The first Christmas present I received in China was happiness, which I deliberately threw away. It was my first year in Nancheng, China, where I was teaching English at Jiangxi Normal University. I was new to the country and eager to share my Christmas traditions with my adult students, many of whom had never come in contact with a foreigner's strange customs.
For an introductory lesson on the holiday season, I invited groups of students to my two-room apartment to help decorate my windows with a colorful Christmas display. The windows stretched across the entire ground floor of the foreigners' guest house, which was strategically located. The windows could easily be seen and admired by all. With the aid of my students, I was determined to make an impression upon the campus community with a memorable exhibit of American Christmas glitz.
The first group of students arrived. My visitors excitedly crowded through the door and set to work littering the carpet with bits of colored construction paper. Trees, stars, snowflakes, and angels quickly appeared from the patterns I had made available. I noticed two of my students were especially preoccupied with a large piece of red construction paper that they had folded neatly and were cutting into interesting designs. They presented me with the finished product.
"This is a gift to you," said Ms. Ouyang, one of the creators. She smiled shyly. "It is a Chinese 'double happiness' character. It means we wish you happiness for Christmas."
I marveled at the workmanship of the two women.
"What an appropriate gift for the holidays!" I exclaimed. "It will look very nice in the window. May I put it up?"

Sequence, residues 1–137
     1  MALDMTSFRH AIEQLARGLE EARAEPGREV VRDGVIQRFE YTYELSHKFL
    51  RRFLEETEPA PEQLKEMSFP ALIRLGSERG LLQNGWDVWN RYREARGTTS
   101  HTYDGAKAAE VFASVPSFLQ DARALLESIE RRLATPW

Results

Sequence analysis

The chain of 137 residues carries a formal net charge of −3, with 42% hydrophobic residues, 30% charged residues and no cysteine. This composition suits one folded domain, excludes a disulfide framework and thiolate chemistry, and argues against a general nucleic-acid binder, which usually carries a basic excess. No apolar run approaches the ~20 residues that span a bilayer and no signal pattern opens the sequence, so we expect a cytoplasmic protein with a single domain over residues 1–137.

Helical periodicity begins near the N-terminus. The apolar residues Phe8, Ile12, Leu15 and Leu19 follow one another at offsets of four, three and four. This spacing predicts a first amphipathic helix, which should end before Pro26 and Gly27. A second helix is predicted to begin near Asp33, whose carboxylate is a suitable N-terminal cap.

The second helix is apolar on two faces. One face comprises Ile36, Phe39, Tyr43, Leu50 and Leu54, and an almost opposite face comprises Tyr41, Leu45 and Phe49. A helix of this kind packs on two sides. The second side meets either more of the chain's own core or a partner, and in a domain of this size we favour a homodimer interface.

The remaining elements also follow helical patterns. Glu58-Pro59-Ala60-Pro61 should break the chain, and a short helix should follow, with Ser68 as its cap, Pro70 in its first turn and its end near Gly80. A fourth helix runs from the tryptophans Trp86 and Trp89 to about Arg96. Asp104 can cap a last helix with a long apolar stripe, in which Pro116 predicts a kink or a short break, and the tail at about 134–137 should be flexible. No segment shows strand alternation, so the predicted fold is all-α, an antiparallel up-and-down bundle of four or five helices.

The two women nodded enthusiastically. I carefully taped the character to the center window amid the green Christmas trees and yellow stars. We all agreed it looked striking. Soon, other students began searching for red paper to create more "double happiness" characters.
By the evening's end, a harmonious balance of Chinese happiness and Christmas artwork filled the window panels, which we then illuminated with hundreds of sparkling lights. The sight was impressive beyond my expectations.
Night after night, university students congregated outside the guest house to marvel at this spectacular display. They pointed! They clapped! They cheered! I was thrilled by their reactions and at times opened a window to wave at them. This continued for more than a week before a Chinese friend finally explained the reason behind their enthusiasm.
In China, it is the custom to place red "double happiness" characters in the windows and doorways of newlyweds' homes. My students were innocently hoping their gifts would bring me whatever happiness I desired. The university students, however, were celebrating my marriage, ostentatiously advertised in what many assumed was the American way of announcing a wedding.
I immediately disposed of all the double happiness wishes in my windows, but it took months before the talk of my marriage withered from the campus grapevine.